Historian goes to Health School: Learning to Thrive.

Here’s the thing about why I haven’t been blogging:

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I spend so much time on my computer already.  It’s kind of ridiculous. My laptop, my iPad and my phone are my lifelines, my work sources, and my ball and chain.

There are so many mornings where I haven’t ran. I can’t remember the last time before last night (at 10 PM. With a German shepherd. On a whim.) that I really ran. This past week, after working myself into a sinus infection and the beginnings of tonsillitis and struggling in vain just to keep myself together so I could keep going on, I stopped. I wasted time. I made myself take a breath. Sleep. And ease myself back into things.

Was I behind in work? God yes. Was I struggling to catch up? Like nobody’s business. Was I stressing out about it anymore? Nope.

The end of the quarter is always the hard time. Finals, final projects, etc., start to overload and come to a head and suddenly I’m just laid flat when it ends and I don’t have anything to do for a week or two. That’s how end of terms always are with me. With MPH@GW it’s a bit harder because I’m working my way through four quarters with only a week or so in between until December when I get the month off, so I’ve literally been in school almost consistently for close to 20 weeks. And I have two more quarters to go for this round.  It’s easy, so easy, to burn out.
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And friends, I am so burnt out that I am charred and krispy. Pass the ketchup, stick a fork and call me BBQ.

But I can’t stop. I can’t give up, because I still have to manage to pass my Biostatistics final and not fail the class (I’m not going to fail, no matter how much I whine like I am. I’m quite proud of how not-going-to-fail I am) and finish the grant proposal with my group for Program Planning of Disease Prevention Programs. It’s not over yet.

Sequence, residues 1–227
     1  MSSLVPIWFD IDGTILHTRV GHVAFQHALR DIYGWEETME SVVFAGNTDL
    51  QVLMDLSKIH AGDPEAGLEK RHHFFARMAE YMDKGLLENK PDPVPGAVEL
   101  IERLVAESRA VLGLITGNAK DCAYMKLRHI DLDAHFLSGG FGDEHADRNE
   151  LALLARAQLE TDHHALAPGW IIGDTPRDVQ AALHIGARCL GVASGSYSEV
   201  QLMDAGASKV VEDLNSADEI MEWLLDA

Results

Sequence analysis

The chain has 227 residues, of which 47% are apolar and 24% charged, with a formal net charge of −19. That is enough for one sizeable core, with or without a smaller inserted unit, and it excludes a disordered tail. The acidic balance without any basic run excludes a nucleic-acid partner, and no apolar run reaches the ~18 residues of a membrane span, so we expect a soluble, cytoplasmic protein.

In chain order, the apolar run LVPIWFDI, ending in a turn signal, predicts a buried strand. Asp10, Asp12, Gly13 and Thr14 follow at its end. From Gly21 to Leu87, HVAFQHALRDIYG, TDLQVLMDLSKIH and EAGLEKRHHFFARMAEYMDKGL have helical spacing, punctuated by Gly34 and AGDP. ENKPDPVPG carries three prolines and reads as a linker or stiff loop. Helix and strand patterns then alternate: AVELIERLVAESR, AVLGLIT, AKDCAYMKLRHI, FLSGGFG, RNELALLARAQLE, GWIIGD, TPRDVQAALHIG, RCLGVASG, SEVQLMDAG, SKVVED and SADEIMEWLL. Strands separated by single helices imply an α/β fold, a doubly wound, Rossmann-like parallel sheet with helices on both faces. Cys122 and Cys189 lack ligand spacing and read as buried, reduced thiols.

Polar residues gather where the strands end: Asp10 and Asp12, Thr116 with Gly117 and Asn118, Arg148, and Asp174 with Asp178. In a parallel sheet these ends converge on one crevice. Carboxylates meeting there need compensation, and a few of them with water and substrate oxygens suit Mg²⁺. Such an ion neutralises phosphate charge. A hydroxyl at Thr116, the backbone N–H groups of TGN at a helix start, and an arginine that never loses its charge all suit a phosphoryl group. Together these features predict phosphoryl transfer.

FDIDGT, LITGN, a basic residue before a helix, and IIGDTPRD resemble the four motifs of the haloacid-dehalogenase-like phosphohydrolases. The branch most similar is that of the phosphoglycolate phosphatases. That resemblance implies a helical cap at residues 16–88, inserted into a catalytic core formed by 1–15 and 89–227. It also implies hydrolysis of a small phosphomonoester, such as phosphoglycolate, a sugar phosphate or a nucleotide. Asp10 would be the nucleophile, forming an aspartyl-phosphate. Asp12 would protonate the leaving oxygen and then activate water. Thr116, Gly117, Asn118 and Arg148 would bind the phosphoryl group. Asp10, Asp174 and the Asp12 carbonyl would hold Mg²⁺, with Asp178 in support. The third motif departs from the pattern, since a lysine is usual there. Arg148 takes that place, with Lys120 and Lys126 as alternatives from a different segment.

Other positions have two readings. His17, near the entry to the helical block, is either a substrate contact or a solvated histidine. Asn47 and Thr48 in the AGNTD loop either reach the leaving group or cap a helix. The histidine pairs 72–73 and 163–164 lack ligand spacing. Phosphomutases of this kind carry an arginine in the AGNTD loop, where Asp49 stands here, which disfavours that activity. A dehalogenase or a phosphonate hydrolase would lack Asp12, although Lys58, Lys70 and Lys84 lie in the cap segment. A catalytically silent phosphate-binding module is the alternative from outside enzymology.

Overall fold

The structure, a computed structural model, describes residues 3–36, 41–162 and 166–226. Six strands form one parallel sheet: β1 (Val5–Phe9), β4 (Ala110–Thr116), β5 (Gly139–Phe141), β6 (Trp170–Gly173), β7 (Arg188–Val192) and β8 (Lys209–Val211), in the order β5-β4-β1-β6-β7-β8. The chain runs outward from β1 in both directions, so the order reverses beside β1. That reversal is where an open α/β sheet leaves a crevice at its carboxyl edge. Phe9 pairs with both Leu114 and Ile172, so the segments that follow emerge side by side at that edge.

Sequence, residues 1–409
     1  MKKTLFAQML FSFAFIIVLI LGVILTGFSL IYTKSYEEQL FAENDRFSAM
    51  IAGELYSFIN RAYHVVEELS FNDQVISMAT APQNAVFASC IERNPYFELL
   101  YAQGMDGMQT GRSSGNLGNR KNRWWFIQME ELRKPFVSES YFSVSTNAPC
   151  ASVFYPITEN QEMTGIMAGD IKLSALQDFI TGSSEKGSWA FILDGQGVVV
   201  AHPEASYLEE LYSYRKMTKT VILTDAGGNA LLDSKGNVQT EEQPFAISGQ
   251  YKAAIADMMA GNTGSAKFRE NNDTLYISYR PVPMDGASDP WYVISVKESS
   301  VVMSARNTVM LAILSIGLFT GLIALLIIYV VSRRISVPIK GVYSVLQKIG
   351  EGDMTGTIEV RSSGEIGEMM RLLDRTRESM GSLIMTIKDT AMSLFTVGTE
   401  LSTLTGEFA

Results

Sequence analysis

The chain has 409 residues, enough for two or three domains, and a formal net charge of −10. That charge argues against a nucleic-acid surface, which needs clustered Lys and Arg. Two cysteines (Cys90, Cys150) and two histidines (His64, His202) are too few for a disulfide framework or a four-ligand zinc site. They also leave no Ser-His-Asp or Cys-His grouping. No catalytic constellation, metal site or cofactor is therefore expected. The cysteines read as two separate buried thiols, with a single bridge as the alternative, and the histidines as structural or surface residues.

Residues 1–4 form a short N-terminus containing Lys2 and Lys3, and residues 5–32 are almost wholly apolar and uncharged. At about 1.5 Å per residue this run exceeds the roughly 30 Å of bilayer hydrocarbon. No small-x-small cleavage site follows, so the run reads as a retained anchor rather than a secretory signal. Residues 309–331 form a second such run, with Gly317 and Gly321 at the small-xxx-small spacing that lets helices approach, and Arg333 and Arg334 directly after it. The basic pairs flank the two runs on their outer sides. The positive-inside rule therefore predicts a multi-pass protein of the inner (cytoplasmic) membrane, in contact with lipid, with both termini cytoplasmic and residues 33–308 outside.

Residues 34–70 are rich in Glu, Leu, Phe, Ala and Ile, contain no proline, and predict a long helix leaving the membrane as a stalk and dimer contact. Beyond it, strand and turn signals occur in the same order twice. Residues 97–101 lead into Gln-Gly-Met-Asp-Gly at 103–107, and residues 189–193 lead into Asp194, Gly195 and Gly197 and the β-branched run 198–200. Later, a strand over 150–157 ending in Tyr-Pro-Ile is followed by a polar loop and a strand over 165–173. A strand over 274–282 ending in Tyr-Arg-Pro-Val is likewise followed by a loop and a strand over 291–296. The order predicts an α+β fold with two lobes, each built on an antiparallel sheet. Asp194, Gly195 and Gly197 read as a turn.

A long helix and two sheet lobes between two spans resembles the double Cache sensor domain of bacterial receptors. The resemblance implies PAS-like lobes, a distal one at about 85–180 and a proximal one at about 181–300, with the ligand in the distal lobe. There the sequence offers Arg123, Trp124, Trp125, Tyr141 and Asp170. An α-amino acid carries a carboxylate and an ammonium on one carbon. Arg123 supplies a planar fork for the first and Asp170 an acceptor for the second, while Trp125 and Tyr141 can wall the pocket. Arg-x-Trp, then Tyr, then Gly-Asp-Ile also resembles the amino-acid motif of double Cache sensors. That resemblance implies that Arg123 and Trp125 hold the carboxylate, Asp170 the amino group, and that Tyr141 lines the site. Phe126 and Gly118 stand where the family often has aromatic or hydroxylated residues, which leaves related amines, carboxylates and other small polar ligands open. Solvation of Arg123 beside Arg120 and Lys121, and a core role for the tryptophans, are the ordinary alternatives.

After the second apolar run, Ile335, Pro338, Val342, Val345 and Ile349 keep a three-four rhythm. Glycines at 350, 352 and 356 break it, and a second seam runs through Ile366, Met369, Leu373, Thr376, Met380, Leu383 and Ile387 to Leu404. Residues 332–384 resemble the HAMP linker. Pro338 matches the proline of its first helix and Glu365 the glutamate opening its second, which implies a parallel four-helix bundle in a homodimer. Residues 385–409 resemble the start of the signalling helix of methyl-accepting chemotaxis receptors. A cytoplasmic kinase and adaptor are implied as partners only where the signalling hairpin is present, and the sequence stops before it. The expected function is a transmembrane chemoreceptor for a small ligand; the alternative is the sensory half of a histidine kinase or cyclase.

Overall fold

So what am I learning to do? Thrive. In the years between undergrad and beginning graduate school, I forgot how well I work under deadlines. How much I manage to just make things happen.

The trick is making my healthy habits happen at the same time. So that I don’t get sick. So that I don’t eat crap. So that my body doesn’t feel like I got hit by a MAC truck at the end of the day. Maybe that would be easier if the only time I can find for working on lecture materials wasn’t 5:30 AM. Or if I wasn’t putting out fires every day at work. But even without that ease, I’m doing okay.
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Vegetables are my friend. Protein is good. Sleep is a requirement, not an option. Everything will still be there waiting when I wake up.  Just like it will be there when I get back from my run (which let’s be honest, running for me is run-walk-run-walk-jog-walk…. I run to prove to my body that it can, not to be a runner or even for fitness. But that’s a whole other post).

And I definitely can’t forget to feed the cat.

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So now I go back to working. Editing. But I’m trying to follow this wise advice, and remember how much I love the process of working through challenges, rather than focusing so much on the challenges themselves.

Photo May 07, 11 12 51 PMI’m learning to thrive in the life I’ve built for myself, even if it’s not always the easiest.

What have I been hiding from?

The past few weeks, months… I feel as if a part of me has always been hiding behind the screen, keeping just out of sight, panicking when I felt someone get a little too close.

What part of me? The part that cared about no one but myself. The part that put nothing and no one above my own survival and ability to thrive in the situation.  That part of me has been pushed into a box and stuffed away ever since last August.

When my grandpa was diagnosed with cancer. When I started a relationship. When I entered graduate school. When I began having to schedule time for my friends rather than being able to just decide to go out on a whim.

When everything around me seemed to demand that I care more about other people than myself.

So I stuck the part of me that wanted to take care of myself, to invest time and resources on good things which benefited no one but myself into a box. Why?